101:2. There is an opinion that says that if the person seated to the side of the praying individual is (10) weak, (11) this is permitted.

MB 10: Weak – In other words, it is well known that he is weak and unable to stand. Therefore it is permissible to sit, because his weakness shows itself as the reason why he is sitting. One should, however, sit only to the side of the praying individual, as there are those who are stringent about sitting in front of an individual who is praying, even for a weak person.

MB 11: This is permitted – And one may rely on this opinion if one cannot easily move four amot away.

101:3. If one is already seated, and an individual comes and stands for prayer on one’s side, one need not (12) arise, as the individual praying (13) has entered the seated person’s domain. {It is, however, (14) a pious act to arise in this case – Bait Yosef in the name of the MaHaRI”A}.

MB 12: Arise – Rather the individual praying should distance himself four amot from the seated individual when he wishes to rise for prayer.

MB 13: Has entered the seated person’s domain – This opinion only applies in one’s home, but if one is praying with a set prayer group or in a synagogue, where the area is designed to be used by everyone, one must stand. Even if there are set places for individuals that were acquired for money, one should be stringent. However, concerning one [seated] who is involved in Torah, he need not be stringent, and all the more so in a situation where a Rav who is sitting with his students and learning, and then ten men come to pray, there is no need for the individuals who were there first to arise, and there is even no reason to do so out of piety.

MB 14: A pious act – In order to remove a stumbling block from in front of one’s friend, who acted improperly by standing for prayer within four amot of one who was already seated with permission, and someone sitting is a degradation of the holy place created by the prayer.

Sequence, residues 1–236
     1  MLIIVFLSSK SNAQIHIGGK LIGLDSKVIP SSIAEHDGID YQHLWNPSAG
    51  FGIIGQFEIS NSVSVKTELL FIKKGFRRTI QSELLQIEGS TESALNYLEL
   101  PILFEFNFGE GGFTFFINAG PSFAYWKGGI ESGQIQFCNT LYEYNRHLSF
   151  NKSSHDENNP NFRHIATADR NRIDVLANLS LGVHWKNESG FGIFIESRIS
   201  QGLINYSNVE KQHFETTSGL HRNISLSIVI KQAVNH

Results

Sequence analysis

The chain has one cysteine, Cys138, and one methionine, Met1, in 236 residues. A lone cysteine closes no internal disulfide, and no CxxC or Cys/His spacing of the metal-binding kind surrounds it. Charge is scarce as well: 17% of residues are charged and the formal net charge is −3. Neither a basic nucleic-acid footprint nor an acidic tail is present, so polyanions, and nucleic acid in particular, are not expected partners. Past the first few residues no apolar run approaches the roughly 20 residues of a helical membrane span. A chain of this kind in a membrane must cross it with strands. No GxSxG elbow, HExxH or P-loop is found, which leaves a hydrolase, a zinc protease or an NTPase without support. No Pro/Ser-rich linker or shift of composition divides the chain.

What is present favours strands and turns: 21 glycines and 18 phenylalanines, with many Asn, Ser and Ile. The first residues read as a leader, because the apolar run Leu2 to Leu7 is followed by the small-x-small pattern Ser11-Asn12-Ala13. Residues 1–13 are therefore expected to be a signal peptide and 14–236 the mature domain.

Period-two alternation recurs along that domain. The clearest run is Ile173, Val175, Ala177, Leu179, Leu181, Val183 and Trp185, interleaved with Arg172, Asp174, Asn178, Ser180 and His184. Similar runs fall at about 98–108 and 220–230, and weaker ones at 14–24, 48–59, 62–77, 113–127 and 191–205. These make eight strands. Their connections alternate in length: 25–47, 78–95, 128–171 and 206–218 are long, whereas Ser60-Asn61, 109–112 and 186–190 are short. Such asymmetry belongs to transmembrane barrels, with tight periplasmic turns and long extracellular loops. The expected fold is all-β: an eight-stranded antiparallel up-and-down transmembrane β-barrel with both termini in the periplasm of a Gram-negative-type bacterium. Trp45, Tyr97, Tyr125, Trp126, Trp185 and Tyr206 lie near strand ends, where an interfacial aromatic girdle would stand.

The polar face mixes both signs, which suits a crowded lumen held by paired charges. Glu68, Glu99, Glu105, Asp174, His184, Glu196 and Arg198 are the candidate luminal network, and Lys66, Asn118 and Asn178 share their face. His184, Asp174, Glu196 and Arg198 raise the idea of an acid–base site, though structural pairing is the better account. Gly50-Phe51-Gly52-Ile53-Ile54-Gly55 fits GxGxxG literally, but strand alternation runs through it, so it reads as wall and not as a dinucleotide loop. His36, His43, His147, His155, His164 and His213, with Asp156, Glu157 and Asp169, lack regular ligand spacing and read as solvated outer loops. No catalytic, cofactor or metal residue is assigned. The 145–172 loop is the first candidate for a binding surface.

Ira Rosen [email protected]

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Siman 102 . Not to interrupt someone who is praying

102:4. (15) It is not allowed to pass by within four Amos [footsteps] of someone praying. This only applies (16) in front of the individual, (17) but to the sides it is allowed (18) to pass by and stop.

MB 15: It is not allowed – Because you disturb his concentration. Therefore, it is not allowed even if he is saying the Sh’ma. The Chayei Adam writes that the reason is because one makes a partition between the person praying and the Divine Presence.

MB 16: In front of him – Concerning to the side but in front of a person praying, the Magen Avraham in subparagraph 6 considers this like passing in front of the person, but according to the Elyah Rabah this is allowed.

MB 17: But to the sides – The Zohar in Sedrah Chaye Sarah does not allow even to the sides within 4 Amos.

MB 18: to pass by and stop – i.e. to pass by but stop and not go further, so as not to be directly opposite his face. For if the person praying can see him, even though he is to the side, it is the same as passing in front and is forbidden because he will interrupt the praying person’s concentration. According to this it would surely not be allowed to stop in front of him within four Amos. This is the view of the Magen Avraham. However, the Elyah Rabah holds that it is only forbidden to pass in front within four Amos, but to go within four Amos and then stop is permitted even in front. Possibly, in case of urgency one could be lenient.

102:5. If one finished praying and there was someone else (19) praying behind him, he should not take (20) three steps back until the person behind him has finished praying, because if he does so it is like passing in front of someone praying. One should be particular about this even if the person behind only started praying after (21) he [the first person] already started.

MB 19: Praying behind – But if he is not directly behind but slightly to the side, it would appear according to the above Elyah Rabah that it is allowed [to step back].

MB 20: Three steps – whether within four Amos or through taking the steps he would come within four Amos.

MB 21: He already started – And this is not considered to be invading the first person’s space, even if he takes a long time to pray; on the contrary, he who steps back is now entering the others’ space.